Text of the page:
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Felon disfranchisement preserves slavery’s legacy

Holloway, Pippa (2014) Felon disfranchisement preserves slavery’s legacy. LSE American Politics and Policy (06 May 2014). Website.

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Abstract

Whether or not convicted felons are able to vote varies greatly from state to state, with northeastern states putting up far fewer obstacles to voting for those that have been convicted compared to southern states. Pippa Holloway looks at the historic roots of disfranchisement for those in prison, arguing that these regional differences are the result of regionally divergent histories of slavery and criminal justice. In the south, conviction generally meant the removal of full citizenship, and punishment rather than rehabilitation, while felons in the northeast tended not to lose their voting rights. She argues that felon disfranchisement today preserves slavery’s racial legacy by producing a class of individuals who are excluded from suffrage.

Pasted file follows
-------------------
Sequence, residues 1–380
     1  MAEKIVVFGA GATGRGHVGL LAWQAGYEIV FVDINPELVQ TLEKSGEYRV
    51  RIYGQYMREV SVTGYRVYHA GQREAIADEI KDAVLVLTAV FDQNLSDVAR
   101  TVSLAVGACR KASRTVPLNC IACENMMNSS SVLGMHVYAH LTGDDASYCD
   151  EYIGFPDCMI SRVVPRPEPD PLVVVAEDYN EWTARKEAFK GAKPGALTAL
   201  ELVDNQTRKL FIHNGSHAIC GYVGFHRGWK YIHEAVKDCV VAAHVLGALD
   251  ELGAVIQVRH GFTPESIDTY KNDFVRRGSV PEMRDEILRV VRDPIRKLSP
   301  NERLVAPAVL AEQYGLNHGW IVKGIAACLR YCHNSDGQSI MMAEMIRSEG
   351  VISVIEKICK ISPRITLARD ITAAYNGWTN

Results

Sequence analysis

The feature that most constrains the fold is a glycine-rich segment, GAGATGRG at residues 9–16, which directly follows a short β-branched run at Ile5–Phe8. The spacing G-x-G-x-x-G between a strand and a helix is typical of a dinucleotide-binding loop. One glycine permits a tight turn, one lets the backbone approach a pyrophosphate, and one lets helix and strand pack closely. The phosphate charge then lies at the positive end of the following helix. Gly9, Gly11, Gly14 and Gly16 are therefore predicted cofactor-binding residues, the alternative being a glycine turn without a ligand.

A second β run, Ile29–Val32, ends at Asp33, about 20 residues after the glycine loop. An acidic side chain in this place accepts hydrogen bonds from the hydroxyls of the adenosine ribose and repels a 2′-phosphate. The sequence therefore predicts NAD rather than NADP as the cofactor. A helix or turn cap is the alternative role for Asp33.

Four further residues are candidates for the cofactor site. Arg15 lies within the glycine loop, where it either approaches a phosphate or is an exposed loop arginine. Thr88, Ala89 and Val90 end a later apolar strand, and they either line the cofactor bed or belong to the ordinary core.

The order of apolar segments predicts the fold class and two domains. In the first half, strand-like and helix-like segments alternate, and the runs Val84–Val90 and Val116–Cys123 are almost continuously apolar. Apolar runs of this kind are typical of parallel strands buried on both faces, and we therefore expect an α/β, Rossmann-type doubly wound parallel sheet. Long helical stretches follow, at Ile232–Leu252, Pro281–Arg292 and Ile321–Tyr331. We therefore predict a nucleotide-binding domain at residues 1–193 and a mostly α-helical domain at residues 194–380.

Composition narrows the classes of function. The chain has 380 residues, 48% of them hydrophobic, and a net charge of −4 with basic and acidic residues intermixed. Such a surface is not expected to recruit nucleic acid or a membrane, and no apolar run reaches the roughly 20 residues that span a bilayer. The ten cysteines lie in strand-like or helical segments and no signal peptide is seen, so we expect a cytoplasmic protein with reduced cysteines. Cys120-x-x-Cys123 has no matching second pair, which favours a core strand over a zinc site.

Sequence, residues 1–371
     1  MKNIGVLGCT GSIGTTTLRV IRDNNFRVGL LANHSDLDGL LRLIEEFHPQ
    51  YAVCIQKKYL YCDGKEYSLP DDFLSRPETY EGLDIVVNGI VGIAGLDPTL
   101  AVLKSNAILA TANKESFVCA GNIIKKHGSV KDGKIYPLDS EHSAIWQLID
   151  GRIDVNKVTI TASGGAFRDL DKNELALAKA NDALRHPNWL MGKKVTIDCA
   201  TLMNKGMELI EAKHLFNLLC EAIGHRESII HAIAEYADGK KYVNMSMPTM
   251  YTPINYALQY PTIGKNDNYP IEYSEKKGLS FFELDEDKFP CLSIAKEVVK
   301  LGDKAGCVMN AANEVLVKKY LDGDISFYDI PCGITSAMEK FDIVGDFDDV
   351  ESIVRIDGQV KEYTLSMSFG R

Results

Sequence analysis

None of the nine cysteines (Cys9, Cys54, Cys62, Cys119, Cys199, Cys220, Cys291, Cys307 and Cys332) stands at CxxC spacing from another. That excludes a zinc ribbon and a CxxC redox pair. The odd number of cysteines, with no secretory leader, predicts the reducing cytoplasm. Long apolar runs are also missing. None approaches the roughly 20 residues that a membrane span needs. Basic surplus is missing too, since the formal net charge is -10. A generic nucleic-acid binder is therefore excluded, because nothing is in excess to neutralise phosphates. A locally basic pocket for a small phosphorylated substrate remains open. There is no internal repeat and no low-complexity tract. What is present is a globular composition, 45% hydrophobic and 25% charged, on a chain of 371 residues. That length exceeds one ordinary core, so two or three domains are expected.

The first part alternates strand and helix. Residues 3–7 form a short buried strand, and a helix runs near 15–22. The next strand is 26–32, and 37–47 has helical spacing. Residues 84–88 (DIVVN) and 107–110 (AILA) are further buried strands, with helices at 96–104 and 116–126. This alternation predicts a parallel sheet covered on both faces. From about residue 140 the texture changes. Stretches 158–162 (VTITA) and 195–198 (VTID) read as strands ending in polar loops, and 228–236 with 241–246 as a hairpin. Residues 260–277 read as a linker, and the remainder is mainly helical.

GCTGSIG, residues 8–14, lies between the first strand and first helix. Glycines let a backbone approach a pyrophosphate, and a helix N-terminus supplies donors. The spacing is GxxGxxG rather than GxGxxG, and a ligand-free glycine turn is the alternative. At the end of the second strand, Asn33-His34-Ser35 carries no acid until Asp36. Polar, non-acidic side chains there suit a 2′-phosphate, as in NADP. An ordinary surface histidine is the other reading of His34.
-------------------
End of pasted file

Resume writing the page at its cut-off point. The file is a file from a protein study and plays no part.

Item Type: Online resource (Website)
Official URL: http://blogs.lse.ac.uk/usappblog/
Additional Information: © 2014 The Author; Online
Divisions: LSE
Subjects: H Social Sciences > H Social Sciences (General)
H Social Sciences > HV Social pathology. Social and public welfare. Criminology
Sets: Collections > LSE American Politics and Policy (USAPP) Blog
Date Deposited: 12 Aug 2014 08:33
Last Modified: 01 Jan 2020 00:32
URI: http://eprints.lse.ac.uk/id/eprint/58874

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